In the swinging 60s, a few people were incorporating bars into their homes and accordingly these stools began to make a small appearance in residential settings. The old wooden stools from pubs were popular but at this point we were seeing the emergence of metal and chrome stools. The wooden bar stools were found in basement or recreation room bars while the chrome and padded bar stools were most often found in living rooms and poolside. Throughout the 1960s and 1970s, most bar stool, be they commercial or residential, were 30 inches high. During the late 1980s we began to see the advent of the 24 inch bar stool. This smaller bar stool is now the most popular type of residential bar stool. The 24 inch bar stool is very popular in families with children. The shorter stool is much more accessible and also safer for the little ones. The shorter stool is also better for adults that might have mobility problems. Being 6 inches closer to the ground makes a big difference for those you suffer from chronic hip or knee pain.
Kitchen stools. Whether its a modern breakfast bar you have or a traditional pine table, kitchen stools can be ideal for your seating requirements. Traditional chairs or bar stools like those pictured below can give that warm feeling that you had whenever you where in your mama's kitchen. Alternatively a metal, chrome or aluminum look can add sleek and sophistication to any modern kitchen. As with the pub stools the height of the counter should be considered prior to purchasing any stools or chairs. The standard breakfast bar is usually 36” which would suggest that you use a 30” stool. When considering a breakfast bar the rule-of-thumb is to have a 6-10” gap between the counter and the seat to derive maximum comfort. However, if you have traditional seating arrangements around a table leave a 6” gap.
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Additional Seating. The practicality and functionality of a bar stool means they make a great choice for additional seating options if needed. Their light sturdy uniform design means they can be stored away for months in an attic or spare room until the time they are needed for when the extended family come over for holiday celebrations, or for a Super Bowl party, ensuring no guest has to sit on the floor or lean up in the doorway. Craft or Hobby Room. If you have a place in your home which is dedicated to a hobby or maybe you have a studio or a workshop in the garage, a bar stool offers a utilitarian option. If you have a workshop or a room with a model train set, you can use a height adjustable stool to access areas without over-stretching and risking safety when operating a bandsaw or getting a picturesque view of your favourite locomotive coming through the tunnel you just installed.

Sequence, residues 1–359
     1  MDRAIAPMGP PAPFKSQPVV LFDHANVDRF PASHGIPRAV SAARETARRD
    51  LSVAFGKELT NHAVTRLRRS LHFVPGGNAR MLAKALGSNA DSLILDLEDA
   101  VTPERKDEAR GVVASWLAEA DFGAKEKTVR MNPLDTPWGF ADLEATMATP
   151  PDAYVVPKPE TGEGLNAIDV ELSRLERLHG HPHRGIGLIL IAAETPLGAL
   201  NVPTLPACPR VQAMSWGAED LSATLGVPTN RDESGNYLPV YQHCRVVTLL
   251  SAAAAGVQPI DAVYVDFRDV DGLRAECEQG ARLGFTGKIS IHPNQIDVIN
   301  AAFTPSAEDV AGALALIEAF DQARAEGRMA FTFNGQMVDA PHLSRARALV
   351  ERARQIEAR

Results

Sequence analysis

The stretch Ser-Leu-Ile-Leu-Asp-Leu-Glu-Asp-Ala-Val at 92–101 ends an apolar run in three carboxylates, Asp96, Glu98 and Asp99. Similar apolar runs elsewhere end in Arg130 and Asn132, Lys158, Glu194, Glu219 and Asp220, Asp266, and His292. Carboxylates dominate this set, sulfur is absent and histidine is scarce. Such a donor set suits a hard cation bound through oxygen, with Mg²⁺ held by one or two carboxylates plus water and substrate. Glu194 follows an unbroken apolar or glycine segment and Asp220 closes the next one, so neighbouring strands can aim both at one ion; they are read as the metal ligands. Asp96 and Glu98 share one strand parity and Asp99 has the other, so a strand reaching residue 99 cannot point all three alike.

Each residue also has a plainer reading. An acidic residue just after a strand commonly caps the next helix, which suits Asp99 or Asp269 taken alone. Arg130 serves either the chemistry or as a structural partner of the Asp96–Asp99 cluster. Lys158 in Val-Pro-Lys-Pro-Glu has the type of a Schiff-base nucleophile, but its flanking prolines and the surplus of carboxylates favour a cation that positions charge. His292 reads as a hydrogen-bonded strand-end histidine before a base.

Round saddle bar stool. Some western style counter stools have a round ”saddle” instead of rectangular. They are still termed western counter stools for their other qualities, such as wood as the material for both their legs and the seat. They will typically have four legs, and the neighboring legs will be connected with cross bars at different heights on neighboring sides, and same heights on opposite sides, for stability and sturdiness of construction. Sometimes the legs will be made of natural branches, with their natural curvatures, giving a seat a rustic, unique look. Later, with the development of wood carving machines, the legs would become straight and of the same shape, and would feature simple circular ornaments.
Once restricted to the local public house in the United Kingdom and Ireland and to the imitators in North America, 30 ” and 24” bar stools are now common place household furniture. Not only have these stools entered into the residential furniture market but they have broken out of a centuries old mold. For centuries bar stools seemed to be of uniform size and material. Times have changed. For literally centuries, stools found in bars were 30 inches in height. Of course, the height was specifically engineered so that a person could comfortably belly up to the bar and consume much ale. The stools were generally constructed from oak or another hardwood. The stools were firmly balanced upon 4 legs that were each attached to the underside of the stool seat a few inches towards the centre from each corner. As you can imagine, having a sturdy base of support was an important element in early bar furniture.